which supreme bots are cooking the best in 2021?
In this article I will be going over the 4 best Supreme bots that are cooking right now. This list will be updated with more successful bots in the future. Keep in mind that you would need the right proxies to succeed on Supreme.
Botting tip: Often proxies are the reason for failing on your drops, you’ll need proxies that you know work for the sites your drops are on.
(€3/$3. 4/GB) is a great option for proxies as they are the lowest priced sneaker proxies in the world and work well on Supreme.
ContentsWHICH SUPREME BOTS ARE COOKING THE BEST IN 2021? 45 Actionable Items & Tips in (1) ultimate botting checklist. F3ATHER: The previous best Supreme bot? Velox, the most underrated supreme bot? CYBER, one of the best bots overall and it cooks Supreme kPreme, the most underrated Supreme bot? STAY UP TO DATE ON THE BOTS THAT WORK TODAY
These rankings are based on their performance and success alone. It doesn’t take into account the price, number of supported shops and the user interface of the bot.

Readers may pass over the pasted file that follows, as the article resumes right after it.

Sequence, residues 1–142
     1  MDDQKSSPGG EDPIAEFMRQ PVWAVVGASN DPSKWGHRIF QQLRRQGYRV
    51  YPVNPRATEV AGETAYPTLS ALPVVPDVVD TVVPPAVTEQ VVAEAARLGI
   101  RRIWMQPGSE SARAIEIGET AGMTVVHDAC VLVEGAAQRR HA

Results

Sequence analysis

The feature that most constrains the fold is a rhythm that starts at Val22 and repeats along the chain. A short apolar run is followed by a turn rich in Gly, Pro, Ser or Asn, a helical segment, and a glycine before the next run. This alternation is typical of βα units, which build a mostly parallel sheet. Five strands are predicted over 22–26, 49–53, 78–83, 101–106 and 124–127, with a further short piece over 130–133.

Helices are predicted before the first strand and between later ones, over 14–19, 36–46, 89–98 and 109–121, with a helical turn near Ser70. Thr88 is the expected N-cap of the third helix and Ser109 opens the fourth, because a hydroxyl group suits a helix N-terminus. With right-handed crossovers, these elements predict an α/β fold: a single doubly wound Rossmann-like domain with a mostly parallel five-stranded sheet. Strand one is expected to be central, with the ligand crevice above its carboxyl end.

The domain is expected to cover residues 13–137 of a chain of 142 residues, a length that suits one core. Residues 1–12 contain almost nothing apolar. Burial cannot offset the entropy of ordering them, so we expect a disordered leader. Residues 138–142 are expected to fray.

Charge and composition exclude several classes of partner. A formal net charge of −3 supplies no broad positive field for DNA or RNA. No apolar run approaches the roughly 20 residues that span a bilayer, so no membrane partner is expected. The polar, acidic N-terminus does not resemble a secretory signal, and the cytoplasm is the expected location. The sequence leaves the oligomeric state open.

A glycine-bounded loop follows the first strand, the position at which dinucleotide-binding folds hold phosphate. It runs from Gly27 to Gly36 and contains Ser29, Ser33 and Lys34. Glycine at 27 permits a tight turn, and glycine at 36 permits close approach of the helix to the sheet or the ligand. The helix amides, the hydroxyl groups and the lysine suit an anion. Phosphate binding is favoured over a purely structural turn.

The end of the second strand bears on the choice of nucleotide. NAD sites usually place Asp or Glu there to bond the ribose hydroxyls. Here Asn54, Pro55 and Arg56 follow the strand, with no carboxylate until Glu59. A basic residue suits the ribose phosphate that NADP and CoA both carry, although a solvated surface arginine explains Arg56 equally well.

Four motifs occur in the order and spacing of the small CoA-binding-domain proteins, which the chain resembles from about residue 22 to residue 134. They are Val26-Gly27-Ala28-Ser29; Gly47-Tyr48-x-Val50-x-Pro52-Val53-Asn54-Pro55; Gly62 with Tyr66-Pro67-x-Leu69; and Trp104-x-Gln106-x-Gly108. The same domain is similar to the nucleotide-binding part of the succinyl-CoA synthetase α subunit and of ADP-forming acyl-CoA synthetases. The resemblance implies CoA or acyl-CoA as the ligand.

45 Actionable Items & Tips in (1) ultimate botting checklist.
F3ATHER: The previous best Supreme bot?
F3ather or F3, was one of the most dominant bots of last season and the seasons before that. F3 is very well established and users still have a ton of success, especially in the EU regions. However with the rise of Mekpreme and Cybersole, F3 has been flopping recently on the first week of Supreme US although it managed to get a decent amount of checkouts for EU. F3 is still an insane bot which will cook for you, but it seems to have lost it’s raw cooking power from last season, Due to Mek and Cyber doing so well.
What you must know
– All sales should always have discord and dashboard– Discord and dashboard are unbindable therefore bot can easily be transferred– Reset is only within the bot and dashboard– Has lifetime and renewal copies